The danger of children with autism wandering from home or school is a terrifying reality for parents. What can we do to protect our kids? In this article, I'll do my best to answer this question.
Some parents deal with this problem daily. I don’t know what could be more stressful and downright frightening.
Some children with autism have never had a problem with wandering, and that’s great. But please don’t assume that if a child has never wandered or bolted from the house that they never will. As I related in the true story about Michael, there is a first time for everything.
And if little Suzie has never run away from the house before and one day decides, in a fit of anxiety, that she just has to run, the result could be fatal.
Sheila Medlam of Colwich, Kansas wishes every day that she had taken better precautions before her 5-year-old son Mason squirmed out of a window that had been raised 8 inches because of a malfunctioning air conditioner.
She reported that it only takes a moment of inattention and they can be gone in an instant.
Tragically, Mason drowned in a pond in July 2010 after he disappeared from his home.
It pains me to hear about such disasters so much that I want to do all I can to prevent more accidents from happening.
That’s why I want to encourage parents reading this to look at their homes, schools and other places where their children spend time. It’s important that we find out how we need to change our surroundings to prevent our kids with autism from wandering or bolting into danger.
The following are measures we can take to keep our kids safe.
1. Have a security system installed that sounds an alert when any door or window is opened.
You can find inexpensive alarms for the doors and windows at places like Walmart or RadioShack. Alarm systems from companies such as SimpliSafe and ADT also come with these window and door alerts.
When we moved into our condo, this was one of the first things we did because I knew my son might try to escape one day. I wanted to know immediately the moment he ever might try to leave the house.
The National Autism Association is also taking active steps to lower the risk of children with autism wandering from home. They provide two door alarms as part of their free Big Red Safety Box for parents who apply. More on this later.
2. Even if your child has never attempted to wander, have locks installed on your doors that require a key to exit.
If your child is very young, you may only need a safety chain latch at the top of the door where it's hard for them to reach. But as they grow older and taller, you will probably require new locks. Installing a double cylinder deadbolt is fairly simple and inexpensive, and could save your child’s life.
You can buy one at the local hardware store for less than 20 bucks.
I’m about as unhandy as the next mom, and I was able to install a double cylinder deadbolt on both our front and back doors by myself (with a bit of coaching by phone from my brother-in-law:-).
And be sure to install it with the screws on the inside of the house. If you do this incorrectly, anyone with a screwdriver could break into your home.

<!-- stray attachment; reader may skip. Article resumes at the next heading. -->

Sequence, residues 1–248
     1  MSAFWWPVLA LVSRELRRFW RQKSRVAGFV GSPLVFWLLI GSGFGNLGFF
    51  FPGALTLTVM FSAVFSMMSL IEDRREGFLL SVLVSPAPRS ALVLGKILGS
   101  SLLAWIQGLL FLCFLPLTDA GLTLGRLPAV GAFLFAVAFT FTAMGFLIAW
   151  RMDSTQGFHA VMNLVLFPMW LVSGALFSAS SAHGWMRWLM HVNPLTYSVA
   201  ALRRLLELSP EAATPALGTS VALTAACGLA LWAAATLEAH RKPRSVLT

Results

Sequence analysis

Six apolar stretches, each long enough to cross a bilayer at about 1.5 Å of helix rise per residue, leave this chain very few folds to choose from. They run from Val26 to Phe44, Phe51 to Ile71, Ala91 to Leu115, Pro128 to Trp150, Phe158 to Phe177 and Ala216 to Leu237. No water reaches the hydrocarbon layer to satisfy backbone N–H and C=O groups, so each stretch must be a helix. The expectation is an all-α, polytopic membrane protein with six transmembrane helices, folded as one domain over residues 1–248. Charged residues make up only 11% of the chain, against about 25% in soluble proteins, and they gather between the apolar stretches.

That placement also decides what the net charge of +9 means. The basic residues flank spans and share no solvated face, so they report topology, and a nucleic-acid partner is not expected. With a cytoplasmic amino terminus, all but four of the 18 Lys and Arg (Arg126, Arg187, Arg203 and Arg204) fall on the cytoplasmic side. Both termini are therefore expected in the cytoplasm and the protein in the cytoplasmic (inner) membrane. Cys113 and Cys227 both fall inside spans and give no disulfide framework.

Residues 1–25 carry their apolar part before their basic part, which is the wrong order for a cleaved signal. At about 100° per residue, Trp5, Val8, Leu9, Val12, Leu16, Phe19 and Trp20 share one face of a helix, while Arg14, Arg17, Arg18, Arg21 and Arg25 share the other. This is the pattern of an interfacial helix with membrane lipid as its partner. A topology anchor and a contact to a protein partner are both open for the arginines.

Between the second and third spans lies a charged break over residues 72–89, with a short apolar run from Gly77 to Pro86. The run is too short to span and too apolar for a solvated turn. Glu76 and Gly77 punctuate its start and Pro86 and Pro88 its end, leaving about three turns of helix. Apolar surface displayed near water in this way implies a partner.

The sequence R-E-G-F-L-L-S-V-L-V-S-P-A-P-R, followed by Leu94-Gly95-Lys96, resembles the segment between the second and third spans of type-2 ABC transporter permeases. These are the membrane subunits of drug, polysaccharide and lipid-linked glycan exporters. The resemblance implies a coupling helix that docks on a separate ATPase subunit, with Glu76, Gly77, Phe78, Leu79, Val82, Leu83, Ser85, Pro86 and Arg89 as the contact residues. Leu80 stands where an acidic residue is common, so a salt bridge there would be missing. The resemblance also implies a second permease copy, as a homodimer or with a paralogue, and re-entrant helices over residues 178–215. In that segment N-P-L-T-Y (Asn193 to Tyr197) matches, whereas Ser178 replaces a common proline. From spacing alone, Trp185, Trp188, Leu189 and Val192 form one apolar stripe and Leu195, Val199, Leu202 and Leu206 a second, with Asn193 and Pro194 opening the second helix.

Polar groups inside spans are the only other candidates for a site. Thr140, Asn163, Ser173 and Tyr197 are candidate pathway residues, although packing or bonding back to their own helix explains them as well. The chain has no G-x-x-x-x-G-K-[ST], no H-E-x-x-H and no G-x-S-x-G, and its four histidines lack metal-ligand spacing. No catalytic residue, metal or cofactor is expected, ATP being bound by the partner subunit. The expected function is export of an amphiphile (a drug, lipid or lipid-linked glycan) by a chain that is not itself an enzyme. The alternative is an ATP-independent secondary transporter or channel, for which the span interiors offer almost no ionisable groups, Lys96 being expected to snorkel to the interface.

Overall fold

The outside part of a double cylinder deadbolt looks the same as any other deadbolt.
The inside part of the deadbolt. Both sides require a key to open the door. Remember: screws on the inside!
3. Anticipate that your child could attempt to open a window and escape that way.
I asked my brother-in-law, who is a former police officer, how I could secure my windows just in case. Since my windows open by pulling them upward, he recommended placing a dowel or stick in the vertical track either on the left or right-hand side of the window.
The dowel could be secured with a little strapping tape to keep it from falling out of place and even painted the same color as the window track to hide it.
Make sure you place the dowel in the window when they aren't watching so they don’t know it’s there.
If they attempt to open the window, they’ll just think it’s locked. If your window opens from side to side, place the dowel in the bottom horizontal track of the window.
4. Make sure the child safety locks in all your cars are engaged.
Most if not all newer cars are equipped with child safety locks. If yours aren’t, I would either have them installed or purchase a car that's equipped with them.
Expensive? Yes, but taking these measures could save your child’s life. I’ve heard too many frightening accounts of children opening the car door while the car is in motion.
5. Discuss autism wandering prevention with your child's teachers and therapists.
If your child goes to school or therapy, find out if sufficient safety measures are in place there. If there are any safety measures lacking, ask them to work on having these protections installed.
The mere thought of our children with autism wandering is so frightening that it becomes imperative that we do all we can to prevent it from happening.
With that in mind, we can do even more to prevent such a tragedy from occurring. Just follow the link below to learn more.
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